Pope Evaristus reigned during a time of Christian persecution. The Church was in its earliest stages of formation; consequently, many Jews were challenging their faith and converting to Christianity. The Roman Empire was expanding through the rule of several Roman emperors – namely Domitian, Nerva and Trajan, during Pope Evaristus’s term as pope.
Christianity would spread its faith throughout the world, but not without facing many obstacles and trials along the way, throughout the first four centuries of ancient history. Many Christians were brutally martyred for their faith, often made an example of by Roman authorities. Pope Evaristus seemingly stayed off the radar for the most part, as was necessary for his work of building up the Church and furthering its cause.
Pope Evaristus, also known as Aristus, is thought to be born as a Bethlehem Jew. At some point, he converted to Christianity, became an apostle of Jesus, which eventually led to leadership in the faith and ultimately to his pontificate.
Ancient records indicated that Pope Evaristus was the head of the Church; however, he divided it into smaller (parishes) with one priest as pastor, along with several deacon assistants for each priest. Remember, this was a time of great persecution for Christians. In keeping parishes small and providing a (local) leader, Pope Evaristus safeguarded the faith, particularly since each pastor was under his direct guidance, thereby maximizing the potential for a consistent universal message to be shared with all the faithful.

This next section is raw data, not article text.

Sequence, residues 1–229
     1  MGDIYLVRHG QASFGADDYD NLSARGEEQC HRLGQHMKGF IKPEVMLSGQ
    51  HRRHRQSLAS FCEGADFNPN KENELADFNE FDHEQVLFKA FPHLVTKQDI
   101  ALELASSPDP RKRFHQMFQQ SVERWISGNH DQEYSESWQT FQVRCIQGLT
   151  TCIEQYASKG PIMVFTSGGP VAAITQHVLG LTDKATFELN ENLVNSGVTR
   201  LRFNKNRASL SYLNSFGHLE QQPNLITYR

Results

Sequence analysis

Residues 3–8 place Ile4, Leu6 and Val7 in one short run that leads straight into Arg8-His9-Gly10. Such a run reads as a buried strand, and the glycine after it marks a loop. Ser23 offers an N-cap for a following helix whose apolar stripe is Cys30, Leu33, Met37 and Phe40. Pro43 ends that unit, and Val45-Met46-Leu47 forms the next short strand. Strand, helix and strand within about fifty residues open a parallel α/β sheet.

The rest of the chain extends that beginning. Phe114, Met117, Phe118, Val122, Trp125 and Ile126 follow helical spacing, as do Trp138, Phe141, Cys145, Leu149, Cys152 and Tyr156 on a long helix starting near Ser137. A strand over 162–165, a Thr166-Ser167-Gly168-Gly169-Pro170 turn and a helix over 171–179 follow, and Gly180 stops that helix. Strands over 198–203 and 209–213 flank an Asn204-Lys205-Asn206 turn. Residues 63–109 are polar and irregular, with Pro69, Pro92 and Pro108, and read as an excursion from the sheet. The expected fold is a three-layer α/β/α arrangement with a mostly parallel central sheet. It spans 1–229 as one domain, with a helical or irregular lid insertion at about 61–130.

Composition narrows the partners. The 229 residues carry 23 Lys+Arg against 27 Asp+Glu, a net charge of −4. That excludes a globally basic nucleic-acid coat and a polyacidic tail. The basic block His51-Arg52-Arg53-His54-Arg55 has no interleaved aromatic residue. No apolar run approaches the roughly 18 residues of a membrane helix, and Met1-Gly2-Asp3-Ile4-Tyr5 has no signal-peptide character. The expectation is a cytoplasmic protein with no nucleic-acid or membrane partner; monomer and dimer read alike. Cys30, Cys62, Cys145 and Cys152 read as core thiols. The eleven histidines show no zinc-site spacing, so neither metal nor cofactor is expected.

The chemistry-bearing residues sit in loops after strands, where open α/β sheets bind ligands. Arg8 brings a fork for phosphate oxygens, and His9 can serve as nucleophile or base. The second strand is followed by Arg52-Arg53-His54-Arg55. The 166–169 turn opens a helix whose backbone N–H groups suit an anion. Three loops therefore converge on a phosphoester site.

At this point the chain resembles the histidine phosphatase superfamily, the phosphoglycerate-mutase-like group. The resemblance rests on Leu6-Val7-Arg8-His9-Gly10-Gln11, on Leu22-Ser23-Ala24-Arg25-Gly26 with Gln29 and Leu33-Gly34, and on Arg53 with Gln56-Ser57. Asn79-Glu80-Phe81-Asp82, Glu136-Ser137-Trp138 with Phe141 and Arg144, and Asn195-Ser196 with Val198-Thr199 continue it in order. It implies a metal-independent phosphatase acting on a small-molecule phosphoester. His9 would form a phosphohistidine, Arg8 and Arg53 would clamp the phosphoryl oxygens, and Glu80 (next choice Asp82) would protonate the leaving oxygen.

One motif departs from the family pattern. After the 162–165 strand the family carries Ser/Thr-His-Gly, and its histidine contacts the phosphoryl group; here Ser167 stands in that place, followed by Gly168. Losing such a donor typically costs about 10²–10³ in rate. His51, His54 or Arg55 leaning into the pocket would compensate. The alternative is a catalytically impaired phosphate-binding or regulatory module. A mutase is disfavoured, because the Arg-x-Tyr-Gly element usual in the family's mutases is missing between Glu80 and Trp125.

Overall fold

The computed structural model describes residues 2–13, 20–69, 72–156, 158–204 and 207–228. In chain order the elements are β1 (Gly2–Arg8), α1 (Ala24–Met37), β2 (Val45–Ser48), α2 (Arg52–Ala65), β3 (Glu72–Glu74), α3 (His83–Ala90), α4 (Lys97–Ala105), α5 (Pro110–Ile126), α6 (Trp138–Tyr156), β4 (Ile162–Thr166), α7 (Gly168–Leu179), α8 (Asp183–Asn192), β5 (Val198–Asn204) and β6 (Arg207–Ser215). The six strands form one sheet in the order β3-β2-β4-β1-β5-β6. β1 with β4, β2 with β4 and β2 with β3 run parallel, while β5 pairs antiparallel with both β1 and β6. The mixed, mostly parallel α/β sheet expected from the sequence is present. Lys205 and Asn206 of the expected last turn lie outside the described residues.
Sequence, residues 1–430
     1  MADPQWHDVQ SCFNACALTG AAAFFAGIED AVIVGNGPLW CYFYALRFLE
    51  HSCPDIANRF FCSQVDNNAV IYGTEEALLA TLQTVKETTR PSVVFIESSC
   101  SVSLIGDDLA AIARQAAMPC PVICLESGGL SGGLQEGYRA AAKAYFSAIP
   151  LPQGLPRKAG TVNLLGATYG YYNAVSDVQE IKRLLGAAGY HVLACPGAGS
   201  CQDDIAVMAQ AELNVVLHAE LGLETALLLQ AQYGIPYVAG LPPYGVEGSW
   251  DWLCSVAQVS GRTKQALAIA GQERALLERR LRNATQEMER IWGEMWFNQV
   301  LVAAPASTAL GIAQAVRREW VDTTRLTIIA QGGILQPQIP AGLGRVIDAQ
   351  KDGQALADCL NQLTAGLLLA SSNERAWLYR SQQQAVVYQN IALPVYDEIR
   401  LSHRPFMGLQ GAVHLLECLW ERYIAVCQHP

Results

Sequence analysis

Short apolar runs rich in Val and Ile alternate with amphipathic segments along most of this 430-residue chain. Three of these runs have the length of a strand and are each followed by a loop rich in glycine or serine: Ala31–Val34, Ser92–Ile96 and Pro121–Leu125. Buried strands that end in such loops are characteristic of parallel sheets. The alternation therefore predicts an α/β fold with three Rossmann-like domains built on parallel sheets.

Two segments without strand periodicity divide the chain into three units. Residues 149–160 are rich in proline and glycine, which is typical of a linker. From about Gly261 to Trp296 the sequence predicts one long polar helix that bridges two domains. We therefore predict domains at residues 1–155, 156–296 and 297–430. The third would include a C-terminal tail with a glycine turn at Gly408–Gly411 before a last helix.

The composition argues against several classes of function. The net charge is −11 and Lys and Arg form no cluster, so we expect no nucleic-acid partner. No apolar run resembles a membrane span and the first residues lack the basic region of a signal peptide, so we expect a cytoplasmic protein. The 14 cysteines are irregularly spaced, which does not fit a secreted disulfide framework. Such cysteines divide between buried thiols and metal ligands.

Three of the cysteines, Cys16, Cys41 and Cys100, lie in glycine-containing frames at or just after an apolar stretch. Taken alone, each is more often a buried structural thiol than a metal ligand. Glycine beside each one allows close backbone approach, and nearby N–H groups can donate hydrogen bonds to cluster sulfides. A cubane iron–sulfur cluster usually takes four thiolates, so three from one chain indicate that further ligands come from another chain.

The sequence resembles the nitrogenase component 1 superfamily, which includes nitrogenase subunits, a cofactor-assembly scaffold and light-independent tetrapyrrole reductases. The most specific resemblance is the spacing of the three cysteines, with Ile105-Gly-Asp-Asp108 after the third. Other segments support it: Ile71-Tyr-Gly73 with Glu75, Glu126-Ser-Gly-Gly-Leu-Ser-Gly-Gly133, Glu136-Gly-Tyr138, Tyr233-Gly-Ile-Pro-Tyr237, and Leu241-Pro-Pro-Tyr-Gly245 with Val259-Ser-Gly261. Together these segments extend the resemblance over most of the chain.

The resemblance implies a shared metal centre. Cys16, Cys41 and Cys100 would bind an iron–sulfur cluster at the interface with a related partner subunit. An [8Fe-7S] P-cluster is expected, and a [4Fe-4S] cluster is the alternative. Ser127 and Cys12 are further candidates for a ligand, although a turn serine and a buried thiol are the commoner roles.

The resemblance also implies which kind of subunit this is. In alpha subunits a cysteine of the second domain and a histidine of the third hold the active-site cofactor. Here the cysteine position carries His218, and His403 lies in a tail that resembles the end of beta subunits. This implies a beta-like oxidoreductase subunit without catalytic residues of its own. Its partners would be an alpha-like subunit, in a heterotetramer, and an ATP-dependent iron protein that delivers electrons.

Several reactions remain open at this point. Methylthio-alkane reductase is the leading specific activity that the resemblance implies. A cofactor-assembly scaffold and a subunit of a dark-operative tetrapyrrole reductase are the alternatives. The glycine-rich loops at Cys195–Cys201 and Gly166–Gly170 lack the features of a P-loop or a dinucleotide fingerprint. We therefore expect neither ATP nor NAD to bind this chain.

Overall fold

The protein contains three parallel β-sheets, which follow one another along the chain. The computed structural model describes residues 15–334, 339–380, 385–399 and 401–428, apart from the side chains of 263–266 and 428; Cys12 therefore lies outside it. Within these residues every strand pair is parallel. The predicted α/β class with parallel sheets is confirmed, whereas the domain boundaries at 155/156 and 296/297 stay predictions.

As Christianity grew and spread throughout the world, individual parishes made it easier for the faithful to practice their faith, and for priests to perform their priestly duties which included offering Mass, preaching, caring for the sick and burying the dead with the rite of Christian burial, among other things.
Thus it can be said without hesitation that Pope Evaristus contributed wholly and richly to the Catholic faith and universal Church of Jesus Christ.
There are conflicting reports as to whether Pope Evaristus was a martyr. Many believe all of the earliest popes were martyred, and unproven records indicate this might be true, though no one really knows for sure. Pope Evaristus is listed among the holy saints of the Catholic Church; his feast day is October 26. It is believed that he is buried somewhere near St. Peter’s tomb.
That’s all for now, kind followers.
See you again soon,
Lives of the Popes (McBrien)
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